John McLeod’s encyclopedic website devoted to card games. Search for games by country, type of suit, number of players, purpose of the game. The link provided here seems to be the  main tarot site which has links to further resources.

Michael J. Hurst, miscellaneous articles on tarot history and iconography.

A massive forum with many special-interest message boards. Tarot History & Development section has discussion threads on many historic topics. Marseille and Other Early Decks deals with iconography, how to read, discussions of books and decks. If you are a paid subscriber, you can participate in a reading exchange using the TdM.

A well-illustrated history of early tarot with links to online museum collections.

Many articles on fifteenth-century tarot. Promotes the theory that the deck originally had 14 trump cards.

Italian site for traditional card games. The Accademia del Tre section has articles on playing card history and links to old texts referencing card games and Tarot from the 16th to 19th centuries. Many of the articles are by Andrea Vitali.

Designed as a supplement to the book: A History of Games Played with the Tarot Pack by Michael Dummett and John McLeod

World of Playing Cards

Illustrated history of Tarot with links to specific decks. History section has articles on the oldest playing cards.

Where to Buy Historic Decks

See a list on the Cartomancy Resources page.


Decker, Ronald, Thierry DePaulis and Michael Dummett. A Wicked Pack of Cards: The Origins of the Occult Tarot. St. Martin’s Press, 1996.

Tarot meets the French occultists of the 18th and 19th centuries. Indispensable for understanding how Tarot became a metaphysical tool.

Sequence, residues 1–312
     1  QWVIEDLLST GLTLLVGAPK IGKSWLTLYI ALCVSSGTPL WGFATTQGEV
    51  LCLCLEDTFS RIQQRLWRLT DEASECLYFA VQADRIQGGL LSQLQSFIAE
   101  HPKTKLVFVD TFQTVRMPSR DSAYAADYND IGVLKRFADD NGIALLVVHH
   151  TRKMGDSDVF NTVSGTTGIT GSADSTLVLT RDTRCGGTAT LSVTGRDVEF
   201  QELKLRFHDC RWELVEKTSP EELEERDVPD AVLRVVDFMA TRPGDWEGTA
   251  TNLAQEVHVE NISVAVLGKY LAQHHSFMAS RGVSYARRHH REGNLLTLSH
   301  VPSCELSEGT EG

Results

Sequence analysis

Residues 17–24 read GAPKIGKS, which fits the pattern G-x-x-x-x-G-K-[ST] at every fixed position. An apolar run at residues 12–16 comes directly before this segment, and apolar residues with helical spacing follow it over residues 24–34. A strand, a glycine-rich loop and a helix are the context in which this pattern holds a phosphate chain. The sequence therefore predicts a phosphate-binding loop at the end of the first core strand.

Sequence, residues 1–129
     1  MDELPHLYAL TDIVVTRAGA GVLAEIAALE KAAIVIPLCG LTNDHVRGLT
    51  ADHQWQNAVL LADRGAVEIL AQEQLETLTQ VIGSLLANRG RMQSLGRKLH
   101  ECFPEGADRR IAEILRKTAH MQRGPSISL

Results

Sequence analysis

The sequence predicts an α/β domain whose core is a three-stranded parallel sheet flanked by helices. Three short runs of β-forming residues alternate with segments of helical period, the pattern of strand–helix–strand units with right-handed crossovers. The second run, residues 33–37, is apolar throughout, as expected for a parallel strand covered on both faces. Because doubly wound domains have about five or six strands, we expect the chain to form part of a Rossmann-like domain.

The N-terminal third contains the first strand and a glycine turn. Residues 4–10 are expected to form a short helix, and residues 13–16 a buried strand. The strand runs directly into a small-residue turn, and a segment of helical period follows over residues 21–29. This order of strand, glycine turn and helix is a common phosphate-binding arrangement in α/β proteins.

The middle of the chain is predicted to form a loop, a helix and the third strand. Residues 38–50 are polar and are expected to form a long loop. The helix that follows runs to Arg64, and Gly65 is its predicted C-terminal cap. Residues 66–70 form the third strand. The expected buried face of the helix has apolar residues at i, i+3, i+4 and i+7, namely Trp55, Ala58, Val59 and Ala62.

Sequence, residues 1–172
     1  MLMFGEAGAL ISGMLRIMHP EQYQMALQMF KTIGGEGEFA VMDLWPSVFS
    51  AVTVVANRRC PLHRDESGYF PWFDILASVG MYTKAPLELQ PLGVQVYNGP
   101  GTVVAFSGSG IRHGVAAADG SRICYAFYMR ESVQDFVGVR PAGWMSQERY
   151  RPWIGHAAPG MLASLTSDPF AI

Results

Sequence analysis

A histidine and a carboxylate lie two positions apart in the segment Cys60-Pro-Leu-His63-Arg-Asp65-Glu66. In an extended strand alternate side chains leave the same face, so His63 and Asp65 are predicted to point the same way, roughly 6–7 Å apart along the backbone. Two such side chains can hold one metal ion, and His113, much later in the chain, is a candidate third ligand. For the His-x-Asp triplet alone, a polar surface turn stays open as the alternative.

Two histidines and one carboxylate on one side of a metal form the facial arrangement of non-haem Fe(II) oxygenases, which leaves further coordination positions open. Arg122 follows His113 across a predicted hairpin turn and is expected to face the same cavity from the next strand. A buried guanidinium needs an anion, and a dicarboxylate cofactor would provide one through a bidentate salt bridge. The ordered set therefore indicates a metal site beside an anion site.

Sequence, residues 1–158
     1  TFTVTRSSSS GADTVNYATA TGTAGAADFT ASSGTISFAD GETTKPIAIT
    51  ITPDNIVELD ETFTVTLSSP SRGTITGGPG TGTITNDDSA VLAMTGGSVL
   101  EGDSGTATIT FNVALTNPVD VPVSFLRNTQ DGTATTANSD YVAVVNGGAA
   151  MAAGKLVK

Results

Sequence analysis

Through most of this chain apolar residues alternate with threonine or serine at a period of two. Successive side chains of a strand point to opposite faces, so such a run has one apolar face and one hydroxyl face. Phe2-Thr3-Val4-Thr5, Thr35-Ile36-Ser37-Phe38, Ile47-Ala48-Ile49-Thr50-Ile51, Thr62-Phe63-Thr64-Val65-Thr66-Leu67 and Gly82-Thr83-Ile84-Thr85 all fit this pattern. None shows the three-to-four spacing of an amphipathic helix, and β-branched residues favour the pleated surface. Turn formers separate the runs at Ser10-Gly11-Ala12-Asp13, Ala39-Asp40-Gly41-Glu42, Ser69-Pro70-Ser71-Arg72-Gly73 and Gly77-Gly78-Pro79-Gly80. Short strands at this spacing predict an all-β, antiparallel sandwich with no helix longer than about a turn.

Decker, Paul, and Michael Dummett. A History of Occult Tarot 1870-1970. Duckworth, 2002.

Sequel to the above book. Takes Tarot to the English speaking world. Much on the Golden Dawn, Mathers, and A.E. Waite.

Dummett, Michael. The Game of Tarot: From Ferrara to Salt Lake City. Duckworth, 1980.

Detailed study of Tarot as a game and a deck of cards. Out of print and rare.

Dummett, Michael and John McLeod. A History of Games Played with the Tarot Pack. Edwin Mellen Press, 2004.

A two-volume update and expansion of Dummett’s book listed above.

Giles, Cynthia. The Tarot: History, Mystery, and Lore. Paragon House, 1994.

The history chapter is probably the best in any Tarot book written for a general audience.

Huson, Paul. Mystical Origins of the Tarot: From Ancient Roots to Modern Usage. Destiny Books 2004.

Very important and accessible history. Puts Tarot’s origins where they belong in the popular culture and street theater of the middle ages. Compendium of divinatory meanings from a range of historic sources.

Kaplan, Stuart R. Encyclopedia of Tarot Volumes I and II, US Games Systems. Stamford CT., 1978 and 1986.

The first two volumes of this four volume set contain black & white photos of possibly every historic deck, and fragments of decks, in existence. Extensive discussions of the Visconti and Sforza families and their tarot decks. An indispensable resource.

Parlatt, David. Oxford Guide to Card Games. Oxford U Press, 1990.